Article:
What is Active Travel?
Active travel involves people getting around on bikes or simply by walking, rather than using cars. This is a great issue to raise with your MP or councillor because, as well as reducing our emissions, it has an array of economic and health benefits. As the UK Health Alliance on Climate Change argues, “active transport is the most cost-effective way to increase physical activity, reduce ill health and cut down emissions from road transport”.
The Transport sector contributes 26% of UK carbon emissions but is also the main contributor to air pollution. Therefore, encouraging more people to cycle or walk can help to tackle both climate change and air pollution. Conservative estimates suggest that walking or cycling could substitute for 41% of short car journeys (less than 3 miles), reducing emissions from transport by 5%.
There are also extensive health benefits to active travel. If the Government meets their cycling and walking targets, as set out in the 2017 Cycling and Walking Investment Strategy, then 12,000 premature deaths could be avoided over a 10-year period. Research by Glasgow University also found that regularly cycling can reduce your chances of getting cancer by 45% and your chances of getting heart disease by 46%. Furthermore, increased active travel would help to address the health effects of air pollution. Air pollution is increasingly being recognised as a major public health problem that leads to asthma, cancer, strokes and heart disease. You can find out more about health impacts of climate change in our health resource.
Active travel is also shown to have economic benefits:
Congestion – Reducing car use and encouraging active travel would help to reduce traffic congestion, which is estimated to cost the UK economy £11 billion a year.
NHS – Active travel would make the population healthier, reducing demand on the healthcare system. Research by Transport for London found that if every Londoner cycled or walked for 20 minutes a day then the NHS could save £1.7 billion over 25 years.
Productivity – Research shows that workers who cycle to work are more productive and take 27% fewer sick days than those who don’t take physical exercise.
Finally, active travel is popular with the public. Polling shows that 69% of residents in urban areas believe their city would be a better place if more people walked or cycled.
What is being done to promote Active Travel?
Cycling and Walking Investment Strategy
In April 2017, the Government published their Cycling and Walking Investment Strategy. This aimed to “make walking and cycling the natural choices for shorter journeys, or as part of a longer journey”. Specifically, it aimed to double cycling activity by 2025, reduce the rate of cyclists being killed or injured, and reverse the decline in the number of people walking.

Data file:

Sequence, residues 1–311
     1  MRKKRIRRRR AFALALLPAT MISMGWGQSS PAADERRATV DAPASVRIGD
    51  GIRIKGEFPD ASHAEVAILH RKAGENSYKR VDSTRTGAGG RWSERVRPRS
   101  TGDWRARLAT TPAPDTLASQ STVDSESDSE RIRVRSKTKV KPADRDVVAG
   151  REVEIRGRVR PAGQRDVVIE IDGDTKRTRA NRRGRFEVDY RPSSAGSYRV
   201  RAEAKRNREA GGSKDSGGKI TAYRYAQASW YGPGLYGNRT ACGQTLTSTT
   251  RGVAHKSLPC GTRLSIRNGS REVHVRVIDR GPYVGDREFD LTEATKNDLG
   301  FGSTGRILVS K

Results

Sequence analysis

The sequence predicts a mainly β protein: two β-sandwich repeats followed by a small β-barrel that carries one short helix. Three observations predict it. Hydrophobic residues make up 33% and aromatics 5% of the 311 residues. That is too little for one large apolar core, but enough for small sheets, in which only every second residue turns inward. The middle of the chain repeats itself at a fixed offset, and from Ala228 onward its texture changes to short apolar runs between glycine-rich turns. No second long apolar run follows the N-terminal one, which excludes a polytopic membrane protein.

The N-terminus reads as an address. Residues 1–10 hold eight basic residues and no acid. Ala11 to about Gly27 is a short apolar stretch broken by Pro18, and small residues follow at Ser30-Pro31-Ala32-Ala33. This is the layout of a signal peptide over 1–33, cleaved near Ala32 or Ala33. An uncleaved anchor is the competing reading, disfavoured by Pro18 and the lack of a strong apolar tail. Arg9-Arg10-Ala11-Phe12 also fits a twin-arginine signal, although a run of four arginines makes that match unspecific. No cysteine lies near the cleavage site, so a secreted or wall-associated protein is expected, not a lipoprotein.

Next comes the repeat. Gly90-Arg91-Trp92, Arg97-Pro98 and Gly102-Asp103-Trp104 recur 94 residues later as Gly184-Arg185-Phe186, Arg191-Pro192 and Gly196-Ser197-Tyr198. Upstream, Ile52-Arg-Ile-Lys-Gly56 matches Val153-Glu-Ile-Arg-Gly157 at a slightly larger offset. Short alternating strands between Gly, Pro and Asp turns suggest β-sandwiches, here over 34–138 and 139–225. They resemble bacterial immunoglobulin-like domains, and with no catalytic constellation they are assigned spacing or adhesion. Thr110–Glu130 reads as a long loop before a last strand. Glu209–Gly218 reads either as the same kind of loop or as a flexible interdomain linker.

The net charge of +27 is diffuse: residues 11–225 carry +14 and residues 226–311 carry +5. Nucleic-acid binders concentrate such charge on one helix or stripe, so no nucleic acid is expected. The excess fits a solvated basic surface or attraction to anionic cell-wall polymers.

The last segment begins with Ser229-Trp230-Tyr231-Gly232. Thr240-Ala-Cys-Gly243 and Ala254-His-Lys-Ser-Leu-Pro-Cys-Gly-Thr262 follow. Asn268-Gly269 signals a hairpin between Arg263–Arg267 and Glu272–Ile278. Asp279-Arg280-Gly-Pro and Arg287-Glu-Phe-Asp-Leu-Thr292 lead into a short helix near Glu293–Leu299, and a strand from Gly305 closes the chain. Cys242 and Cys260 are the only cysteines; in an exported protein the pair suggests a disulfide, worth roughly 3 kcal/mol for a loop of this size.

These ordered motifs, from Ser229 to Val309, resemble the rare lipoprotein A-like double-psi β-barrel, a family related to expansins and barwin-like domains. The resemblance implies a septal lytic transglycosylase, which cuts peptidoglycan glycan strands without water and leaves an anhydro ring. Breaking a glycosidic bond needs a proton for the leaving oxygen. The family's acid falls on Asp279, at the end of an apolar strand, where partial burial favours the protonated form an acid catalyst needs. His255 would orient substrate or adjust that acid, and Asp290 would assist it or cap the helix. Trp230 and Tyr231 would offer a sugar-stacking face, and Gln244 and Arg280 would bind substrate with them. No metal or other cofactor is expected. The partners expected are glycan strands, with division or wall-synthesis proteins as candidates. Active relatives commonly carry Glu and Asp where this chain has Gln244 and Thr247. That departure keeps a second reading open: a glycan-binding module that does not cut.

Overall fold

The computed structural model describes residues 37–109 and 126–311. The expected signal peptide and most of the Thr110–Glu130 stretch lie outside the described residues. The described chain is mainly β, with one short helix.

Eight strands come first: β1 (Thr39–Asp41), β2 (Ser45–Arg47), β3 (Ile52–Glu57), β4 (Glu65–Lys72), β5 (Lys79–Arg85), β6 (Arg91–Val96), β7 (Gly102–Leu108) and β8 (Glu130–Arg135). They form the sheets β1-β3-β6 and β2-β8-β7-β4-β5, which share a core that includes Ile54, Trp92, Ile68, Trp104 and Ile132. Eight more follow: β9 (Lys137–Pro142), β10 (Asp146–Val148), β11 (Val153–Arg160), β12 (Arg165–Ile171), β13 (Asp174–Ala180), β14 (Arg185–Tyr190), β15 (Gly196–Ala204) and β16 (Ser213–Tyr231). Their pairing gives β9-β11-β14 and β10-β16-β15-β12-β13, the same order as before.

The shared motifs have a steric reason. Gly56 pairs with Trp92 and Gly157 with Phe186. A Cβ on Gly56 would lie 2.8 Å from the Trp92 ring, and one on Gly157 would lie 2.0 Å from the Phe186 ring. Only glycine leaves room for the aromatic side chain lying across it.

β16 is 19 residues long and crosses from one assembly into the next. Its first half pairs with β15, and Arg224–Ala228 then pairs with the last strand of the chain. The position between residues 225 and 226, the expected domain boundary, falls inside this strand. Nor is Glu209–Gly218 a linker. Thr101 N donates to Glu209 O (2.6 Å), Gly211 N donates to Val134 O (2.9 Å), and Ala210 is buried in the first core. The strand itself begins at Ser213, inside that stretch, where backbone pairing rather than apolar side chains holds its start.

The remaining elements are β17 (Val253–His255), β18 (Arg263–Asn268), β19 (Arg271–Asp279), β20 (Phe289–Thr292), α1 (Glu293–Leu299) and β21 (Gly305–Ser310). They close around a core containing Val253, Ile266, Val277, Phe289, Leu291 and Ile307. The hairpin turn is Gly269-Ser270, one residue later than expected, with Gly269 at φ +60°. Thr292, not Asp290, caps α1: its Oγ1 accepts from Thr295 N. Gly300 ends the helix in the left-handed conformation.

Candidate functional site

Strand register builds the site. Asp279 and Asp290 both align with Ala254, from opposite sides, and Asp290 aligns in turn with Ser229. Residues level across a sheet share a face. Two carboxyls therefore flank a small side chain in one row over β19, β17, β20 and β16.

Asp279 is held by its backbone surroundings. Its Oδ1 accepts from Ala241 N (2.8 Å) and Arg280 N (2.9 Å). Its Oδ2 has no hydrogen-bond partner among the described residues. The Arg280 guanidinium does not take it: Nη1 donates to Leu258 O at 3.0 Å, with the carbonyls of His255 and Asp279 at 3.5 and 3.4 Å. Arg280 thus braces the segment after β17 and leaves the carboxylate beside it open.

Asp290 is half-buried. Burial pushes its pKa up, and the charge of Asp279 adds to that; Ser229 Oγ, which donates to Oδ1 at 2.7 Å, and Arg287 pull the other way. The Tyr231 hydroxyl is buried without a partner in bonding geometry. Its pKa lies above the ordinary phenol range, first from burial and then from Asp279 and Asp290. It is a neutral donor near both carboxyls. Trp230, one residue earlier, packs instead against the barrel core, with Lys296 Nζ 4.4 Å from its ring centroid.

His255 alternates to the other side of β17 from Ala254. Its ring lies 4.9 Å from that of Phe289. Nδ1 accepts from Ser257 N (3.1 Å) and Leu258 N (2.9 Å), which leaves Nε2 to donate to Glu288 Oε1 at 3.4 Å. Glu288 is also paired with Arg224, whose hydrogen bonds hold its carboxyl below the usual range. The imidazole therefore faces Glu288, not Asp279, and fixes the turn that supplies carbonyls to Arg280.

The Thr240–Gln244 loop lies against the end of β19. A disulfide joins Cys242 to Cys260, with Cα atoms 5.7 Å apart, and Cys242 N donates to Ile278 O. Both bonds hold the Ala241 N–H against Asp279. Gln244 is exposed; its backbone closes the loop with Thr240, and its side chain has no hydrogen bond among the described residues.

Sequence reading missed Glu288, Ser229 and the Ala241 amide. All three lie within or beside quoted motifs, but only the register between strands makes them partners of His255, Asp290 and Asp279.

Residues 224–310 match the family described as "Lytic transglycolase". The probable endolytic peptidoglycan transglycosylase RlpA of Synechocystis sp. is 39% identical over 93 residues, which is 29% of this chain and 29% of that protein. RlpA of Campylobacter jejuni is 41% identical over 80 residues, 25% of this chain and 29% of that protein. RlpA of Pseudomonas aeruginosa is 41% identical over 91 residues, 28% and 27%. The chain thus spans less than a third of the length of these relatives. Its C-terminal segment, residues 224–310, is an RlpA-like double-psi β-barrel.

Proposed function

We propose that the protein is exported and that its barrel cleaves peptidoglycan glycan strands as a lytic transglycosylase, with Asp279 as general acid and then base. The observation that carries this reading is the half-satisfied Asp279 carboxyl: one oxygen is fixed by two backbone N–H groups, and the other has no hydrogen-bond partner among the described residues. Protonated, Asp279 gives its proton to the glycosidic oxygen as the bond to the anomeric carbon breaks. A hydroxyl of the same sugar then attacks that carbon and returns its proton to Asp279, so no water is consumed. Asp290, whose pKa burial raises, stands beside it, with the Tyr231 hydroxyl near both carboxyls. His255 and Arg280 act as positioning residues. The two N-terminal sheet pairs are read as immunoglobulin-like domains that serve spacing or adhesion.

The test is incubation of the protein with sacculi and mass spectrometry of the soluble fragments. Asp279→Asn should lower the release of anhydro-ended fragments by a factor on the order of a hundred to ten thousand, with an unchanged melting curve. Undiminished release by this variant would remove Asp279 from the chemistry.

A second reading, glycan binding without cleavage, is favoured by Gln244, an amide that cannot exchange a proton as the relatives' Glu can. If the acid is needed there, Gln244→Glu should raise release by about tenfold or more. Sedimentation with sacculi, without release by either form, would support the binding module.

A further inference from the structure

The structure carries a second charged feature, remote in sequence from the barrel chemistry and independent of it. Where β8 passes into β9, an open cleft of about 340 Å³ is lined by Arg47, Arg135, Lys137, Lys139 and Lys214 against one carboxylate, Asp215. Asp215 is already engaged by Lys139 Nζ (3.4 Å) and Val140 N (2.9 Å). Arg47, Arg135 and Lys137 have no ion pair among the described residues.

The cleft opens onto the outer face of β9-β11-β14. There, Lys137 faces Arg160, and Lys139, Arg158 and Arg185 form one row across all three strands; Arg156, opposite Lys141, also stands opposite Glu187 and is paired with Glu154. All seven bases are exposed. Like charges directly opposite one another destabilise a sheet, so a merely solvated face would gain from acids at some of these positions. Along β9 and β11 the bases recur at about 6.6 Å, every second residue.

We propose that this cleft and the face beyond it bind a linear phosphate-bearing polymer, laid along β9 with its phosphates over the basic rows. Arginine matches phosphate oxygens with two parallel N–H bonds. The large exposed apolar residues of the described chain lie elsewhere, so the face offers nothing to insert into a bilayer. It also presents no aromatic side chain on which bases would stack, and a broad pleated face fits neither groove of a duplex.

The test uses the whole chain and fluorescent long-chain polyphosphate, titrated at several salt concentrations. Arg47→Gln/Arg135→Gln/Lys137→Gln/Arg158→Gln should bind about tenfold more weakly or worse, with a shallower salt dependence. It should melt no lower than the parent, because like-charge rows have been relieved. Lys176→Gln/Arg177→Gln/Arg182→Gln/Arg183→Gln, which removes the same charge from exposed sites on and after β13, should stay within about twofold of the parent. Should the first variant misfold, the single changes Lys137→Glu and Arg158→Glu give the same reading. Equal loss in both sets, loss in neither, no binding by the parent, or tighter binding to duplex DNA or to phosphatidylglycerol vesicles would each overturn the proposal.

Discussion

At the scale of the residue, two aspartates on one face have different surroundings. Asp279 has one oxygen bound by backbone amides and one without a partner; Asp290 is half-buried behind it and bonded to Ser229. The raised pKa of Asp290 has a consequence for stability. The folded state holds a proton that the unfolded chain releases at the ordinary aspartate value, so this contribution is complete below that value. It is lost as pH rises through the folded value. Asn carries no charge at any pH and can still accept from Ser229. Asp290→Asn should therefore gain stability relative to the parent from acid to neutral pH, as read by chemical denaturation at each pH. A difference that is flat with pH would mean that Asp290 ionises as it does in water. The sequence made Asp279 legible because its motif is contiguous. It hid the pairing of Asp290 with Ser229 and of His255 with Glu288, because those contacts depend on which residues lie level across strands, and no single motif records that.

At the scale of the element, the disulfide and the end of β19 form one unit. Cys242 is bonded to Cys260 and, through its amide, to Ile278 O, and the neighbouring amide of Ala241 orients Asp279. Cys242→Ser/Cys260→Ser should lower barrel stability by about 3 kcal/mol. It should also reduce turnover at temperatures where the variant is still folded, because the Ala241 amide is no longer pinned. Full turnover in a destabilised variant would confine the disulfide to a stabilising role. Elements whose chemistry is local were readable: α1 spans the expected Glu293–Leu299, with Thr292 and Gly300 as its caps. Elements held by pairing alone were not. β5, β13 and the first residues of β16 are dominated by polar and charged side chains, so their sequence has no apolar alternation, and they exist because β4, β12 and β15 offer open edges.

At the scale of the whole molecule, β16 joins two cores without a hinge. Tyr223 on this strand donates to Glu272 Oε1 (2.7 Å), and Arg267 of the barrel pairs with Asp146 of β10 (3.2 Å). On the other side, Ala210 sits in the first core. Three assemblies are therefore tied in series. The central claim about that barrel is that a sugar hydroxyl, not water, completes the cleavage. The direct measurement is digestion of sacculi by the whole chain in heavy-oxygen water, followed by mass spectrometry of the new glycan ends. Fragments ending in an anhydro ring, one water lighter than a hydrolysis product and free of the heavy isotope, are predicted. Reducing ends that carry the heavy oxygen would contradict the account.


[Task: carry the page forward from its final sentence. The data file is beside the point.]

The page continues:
The Strategy announced several measures to try and achieve these targets:
£1 billion of funding was made available to local authorities to invest in measures to encourage cycling and walking.
£50 million was invested to give cycling proficiency training to an additional 1.3 million children
£85 million was made available to Highways England to make the road network safer and easier to use for cyclists
Local authorities also have a key role to play in encouraging active travel.
Manchester, for example, announced ambitious plans to improve infrastructure for cyclists. In 2018, The Mayor of Greater Manchester, Andy Burnham, announced £500 million of spending on one thousand miles of new cycling and walking routes. This brings spending on cycling and walking in the city to £15 per head, similar to cities renowned for good cycling infrastructure, such as Amsterdam and Copenhagen.
Similarly, Cambridge has also taken action to make active travel easier. The city has extensive 20mph speed limits in many residential areas to make cycling safer. Furthermore, there is an extensive network of off-road cycling routes. Finally, the city centre has been designed to minimise traffic congestion, making walking and cycling safer and more pleasant. As a result, Cambridge has the highest levels of cycling of any UK city.
What can I ask my MP or Councillor to do?
Sustrans, a charity supporting sustainable transport, believe that default speed limits should be lowered to 20mph for urban roads and 40mph for minor rural roads. This would make cycling safer and more pleasant. Indeed, the risk of being killed is five times higher if a cyclist is hit by a car at 31mph, compared to 18mph. Lowering speed limits below the national limit is a matter for local authorities, so you could discuss this with your local councillor.
Sustrans also recommend that all children should be given cycle training in during their school years. This would help to encourage more children to cycle to school, as well as to continue cycling throughout their life. You could ask your MP to write to the Education Secretary, Damian Hinds, to raise this issue.
You could talk to your MP about increasing government funding for walking and cycling. A coalition of organisations are calling for 5% of the Department for Transport’s budget to be spent on walking and cycling, rising to 10% by 2025. This would increase spending on walking and cycling from £4.30 per person at the moment, to £34 per person by 2025. You could ask your MP to submit a parliamentary question about the Government’s plans for spending on walking and cycling.
You could talk to your MP or councillor about the examples that have been set by other cities, such as Manchester, Cambridge or Bristol described above. In Spain, the city of Seville has increased the share of cycling from 0.5% of journeys in 2006, to 7%. They did this by introducing 2,500 hire bikes and building 50 miles of cycle tracks in just a year. You could encourage your MP or councillor to support some of these measures.
Date published: 17/01/2019
Last updated: 17/01/2019